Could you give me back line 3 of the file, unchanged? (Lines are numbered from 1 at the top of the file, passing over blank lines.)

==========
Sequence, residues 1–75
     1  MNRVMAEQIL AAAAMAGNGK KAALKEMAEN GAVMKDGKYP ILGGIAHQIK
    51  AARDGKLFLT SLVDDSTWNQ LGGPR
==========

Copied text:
    51  AARDGKLFLT SLVDDSTWNQ LGGPR